Emails: using name in subject line no longer a good idea? (test results?)

13 replies
Many years ago, it was accepted IM practice that using the prospect's name in the email subject line was a good way to get their attention.

Nowadays I see this being used less (and also strategically only capturing optin email addresses, not emails + firstname like we used to)... I heard that using firstnames and the word "you" in subject lines may trigger spam filters.

Anyone tested the difference lately? I'll start split testing email creatives with and without firstnames in subjects, and check click vs open rates... would be good to hear if anyone else has found whether there's still an advantage (or disadvantage) to use firstnames in email subject lines..

thanks,

ken
#emails #good #idea #line #longer #results #subject
  • Profile picture of the author laurencewins
    I don't know about the testing but I generally don't read emails if they have my name and I don't know the person.
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    • Profile picture of the author barbling
      Originally Posted by laurencewins View Post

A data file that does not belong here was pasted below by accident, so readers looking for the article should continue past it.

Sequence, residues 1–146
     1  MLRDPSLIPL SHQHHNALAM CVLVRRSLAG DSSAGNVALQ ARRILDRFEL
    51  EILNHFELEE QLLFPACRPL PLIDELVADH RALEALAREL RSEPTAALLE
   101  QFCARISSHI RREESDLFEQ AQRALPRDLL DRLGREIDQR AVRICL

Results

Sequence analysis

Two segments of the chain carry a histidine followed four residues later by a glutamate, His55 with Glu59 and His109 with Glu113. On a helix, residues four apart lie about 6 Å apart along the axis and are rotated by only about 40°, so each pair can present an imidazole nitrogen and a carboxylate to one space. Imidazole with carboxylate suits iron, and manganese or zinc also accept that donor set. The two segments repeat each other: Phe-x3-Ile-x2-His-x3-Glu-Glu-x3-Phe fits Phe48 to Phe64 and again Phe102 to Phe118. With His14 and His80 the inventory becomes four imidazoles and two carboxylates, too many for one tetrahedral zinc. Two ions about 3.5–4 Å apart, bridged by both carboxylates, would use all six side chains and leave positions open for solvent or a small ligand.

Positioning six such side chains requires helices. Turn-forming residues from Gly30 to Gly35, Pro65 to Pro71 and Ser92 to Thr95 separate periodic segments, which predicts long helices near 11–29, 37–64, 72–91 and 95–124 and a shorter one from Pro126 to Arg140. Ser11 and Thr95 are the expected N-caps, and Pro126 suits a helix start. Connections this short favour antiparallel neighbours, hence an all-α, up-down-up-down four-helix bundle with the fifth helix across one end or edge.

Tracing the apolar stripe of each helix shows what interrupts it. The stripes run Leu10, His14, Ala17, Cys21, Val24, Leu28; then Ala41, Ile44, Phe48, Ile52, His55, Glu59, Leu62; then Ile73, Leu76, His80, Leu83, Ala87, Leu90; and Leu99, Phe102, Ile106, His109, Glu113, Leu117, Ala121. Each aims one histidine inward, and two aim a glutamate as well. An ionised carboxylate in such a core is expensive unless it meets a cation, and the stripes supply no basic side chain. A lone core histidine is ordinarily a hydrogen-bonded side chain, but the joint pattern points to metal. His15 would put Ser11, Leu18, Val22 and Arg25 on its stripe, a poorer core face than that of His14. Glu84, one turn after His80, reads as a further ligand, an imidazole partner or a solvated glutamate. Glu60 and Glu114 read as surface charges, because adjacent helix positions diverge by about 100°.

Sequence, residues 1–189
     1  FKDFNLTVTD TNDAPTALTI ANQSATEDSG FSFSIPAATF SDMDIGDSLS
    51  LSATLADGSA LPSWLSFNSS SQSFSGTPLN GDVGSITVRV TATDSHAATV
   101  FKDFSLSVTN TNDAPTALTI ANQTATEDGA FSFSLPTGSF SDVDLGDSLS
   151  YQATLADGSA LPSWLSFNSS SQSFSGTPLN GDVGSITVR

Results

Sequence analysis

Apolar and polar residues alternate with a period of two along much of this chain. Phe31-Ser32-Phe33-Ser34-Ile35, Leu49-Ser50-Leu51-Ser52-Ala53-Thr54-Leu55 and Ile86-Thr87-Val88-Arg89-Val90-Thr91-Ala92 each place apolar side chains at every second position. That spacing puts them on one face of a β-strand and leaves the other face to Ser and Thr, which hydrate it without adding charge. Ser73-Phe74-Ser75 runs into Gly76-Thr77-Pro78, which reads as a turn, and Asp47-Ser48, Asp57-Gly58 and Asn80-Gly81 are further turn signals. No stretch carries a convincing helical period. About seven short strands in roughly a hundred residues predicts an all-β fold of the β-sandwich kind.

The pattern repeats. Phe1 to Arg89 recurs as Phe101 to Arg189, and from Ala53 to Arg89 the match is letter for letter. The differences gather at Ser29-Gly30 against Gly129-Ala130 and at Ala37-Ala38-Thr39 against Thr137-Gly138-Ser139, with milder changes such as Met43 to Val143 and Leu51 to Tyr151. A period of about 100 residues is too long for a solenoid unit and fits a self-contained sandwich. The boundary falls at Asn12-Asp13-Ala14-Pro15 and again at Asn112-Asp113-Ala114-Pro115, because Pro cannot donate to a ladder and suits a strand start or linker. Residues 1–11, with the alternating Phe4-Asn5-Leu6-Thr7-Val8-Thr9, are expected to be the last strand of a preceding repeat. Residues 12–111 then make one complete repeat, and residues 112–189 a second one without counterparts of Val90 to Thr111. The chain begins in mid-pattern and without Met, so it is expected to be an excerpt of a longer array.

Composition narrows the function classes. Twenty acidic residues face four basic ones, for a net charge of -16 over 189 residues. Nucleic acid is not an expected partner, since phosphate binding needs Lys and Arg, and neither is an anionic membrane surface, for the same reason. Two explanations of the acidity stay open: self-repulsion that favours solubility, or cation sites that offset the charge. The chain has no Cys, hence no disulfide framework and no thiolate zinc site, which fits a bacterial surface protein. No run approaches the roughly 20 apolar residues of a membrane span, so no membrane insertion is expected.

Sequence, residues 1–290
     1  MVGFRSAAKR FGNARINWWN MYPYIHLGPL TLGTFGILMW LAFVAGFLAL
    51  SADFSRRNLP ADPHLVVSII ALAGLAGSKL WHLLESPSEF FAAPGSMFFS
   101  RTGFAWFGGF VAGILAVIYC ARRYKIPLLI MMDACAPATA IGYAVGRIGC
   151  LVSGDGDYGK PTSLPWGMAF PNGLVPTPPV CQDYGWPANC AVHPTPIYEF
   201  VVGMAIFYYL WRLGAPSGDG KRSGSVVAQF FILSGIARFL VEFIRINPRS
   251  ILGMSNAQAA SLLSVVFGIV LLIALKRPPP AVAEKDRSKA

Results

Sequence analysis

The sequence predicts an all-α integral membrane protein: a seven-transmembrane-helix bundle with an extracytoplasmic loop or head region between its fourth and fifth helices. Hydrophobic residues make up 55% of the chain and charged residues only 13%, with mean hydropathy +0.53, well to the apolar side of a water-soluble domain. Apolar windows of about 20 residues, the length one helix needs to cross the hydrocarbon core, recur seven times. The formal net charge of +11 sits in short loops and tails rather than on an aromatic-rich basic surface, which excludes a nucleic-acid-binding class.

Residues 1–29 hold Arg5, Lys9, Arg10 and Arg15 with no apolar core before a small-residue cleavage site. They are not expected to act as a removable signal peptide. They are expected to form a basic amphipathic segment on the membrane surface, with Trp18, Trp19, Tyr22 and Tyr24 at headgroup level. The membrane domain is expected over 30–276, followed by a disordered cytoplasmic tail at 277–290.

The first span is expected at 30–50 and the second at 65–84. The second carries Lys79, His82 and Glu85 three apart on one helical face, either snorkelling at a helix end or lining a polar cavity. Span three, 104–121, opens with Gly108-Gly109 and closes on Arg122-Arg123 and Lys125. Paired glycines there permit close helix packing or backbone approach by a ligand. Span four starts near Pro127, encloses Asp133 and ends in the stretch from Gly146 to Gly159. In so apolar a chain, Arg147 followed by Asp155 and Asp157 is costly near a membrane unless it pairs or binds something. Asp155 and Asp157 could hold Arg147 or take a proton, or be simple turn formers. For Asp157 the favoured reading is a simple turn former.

I don't know about the testing but I generally don't read emails if they have my name and I don't know the person.
      I now just try to make my email titles sound offbeat and amusing. ie, things like:

      • Crashing and burning, facing the truth, more
      • Droids you were looking for, RSS goodies, and more
      • How to selectively block people in Facebook chat
      • Flaming leaves, list building on a silver platter, more!

      Seems to work well.....
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  • Profile picture of the author Raydal
    I find that if I DON'T use the person's name in the subject
    I get more SPAM complaints especially for lists
    I don't mail too often.

    And if my name is used in the subject line, I'm less
    likely to think that the mailer is spamming me. But
    that's personal opinion for sure.

    -Ray Edwards
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    • Profile picture of the author Alexa Smith
      Banned
      I have no numerical split-testing results to offer, but I can report on a "consultation exercise" I did with my subscribers (across a wide range of niches) last year. I learned quite a lot from it.

      Many customers feel that if you use their first names, either in the subject-line or as a salutation inside the email, you come across "like someone selling insurance", and they dislike it: it immediately and instinctively puts their reactions into "this person is trying to sell me something" mode. They know perfectly well that it's only automated anyway, of course: it's not as if using their name actually fools anyone into imagining that it's a "personal email".